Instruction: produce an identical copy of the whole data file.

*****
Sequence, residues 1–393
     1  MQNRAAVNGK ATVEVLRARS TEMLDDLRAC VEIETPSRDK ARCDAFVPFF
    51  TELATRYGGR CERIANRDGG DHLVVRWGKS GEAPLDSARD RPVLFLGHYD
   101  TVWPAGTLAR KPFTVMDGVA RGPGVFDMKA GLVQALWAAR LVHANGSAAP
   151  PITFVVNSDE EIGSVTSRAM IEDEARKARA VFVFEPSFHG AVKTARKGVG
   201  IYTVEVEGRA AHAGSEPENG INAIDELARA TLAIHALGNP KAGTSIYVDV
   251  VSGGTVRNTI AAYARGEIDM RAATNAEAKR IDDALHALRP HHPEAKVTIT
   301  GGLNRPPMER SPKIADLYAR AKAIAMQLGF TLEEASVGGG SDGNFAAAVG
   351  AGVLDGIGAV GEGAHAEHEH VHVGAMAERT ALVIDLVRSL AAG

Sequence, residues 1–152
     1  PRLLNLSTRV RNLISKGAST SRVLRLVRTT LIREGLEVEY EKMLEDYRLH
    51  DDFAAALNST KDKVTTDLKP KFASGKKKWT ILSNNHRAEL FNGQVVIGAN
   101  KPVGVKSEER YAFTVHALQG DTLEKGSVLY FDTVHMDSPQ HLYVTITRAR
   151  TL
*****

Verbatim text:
Sequence, residues 1–393
     1  MQNRAAVNGK ATVEVLRARS TEMLDDLRAC VEIETPSRDK ARCDAFVPFF
    51  TELATRYGGR CERIANRDGG DHLVVRWGKS GEAPLDSARD RPVLFLGHYD
   101  TVWPAGTLAR KPFTVMDGVA RGPGVFDMKA GLVQALWAAR LVHANGSAAP
   151  PITFVVNSDE EIGSVTSRAM IEDEARKARA VFVFEPSFHG AVKTARKGVG
   201  IYTVEVEGRA AHAGSEPENG INAIDELARA TLAIHALGNP KAGTSIYVDV
   251  VSGGTVRNTI AAYARGEIDM RAATNAEAKR IDDALHALRP HHPEAKVTIT
   301  GGLNRPPMER SPKIADLYAR AKAIAMQLGF TLEEASVGGG SDGNFAAAVG
   351  AGVLDGIGAV GEGAHAEHEH VHVGAMAERT ALVIDLVRSL AAG

Sequence, residues 1–152
     1  PRLLNLSTRV RNLISKGAST SRVLRLVRTT LIREGLEVEY EKMLEDYRLH
    51  DDFAAALNST KDKVTTDLKP KFASGKKKWT ILSNNHRAEL FNGQVVIGAN
   101  KPVGVKSEER YAFTVHALQG DTLEKGSVLY FDTVHMDSPQ HLYVTITRAR
   151  TL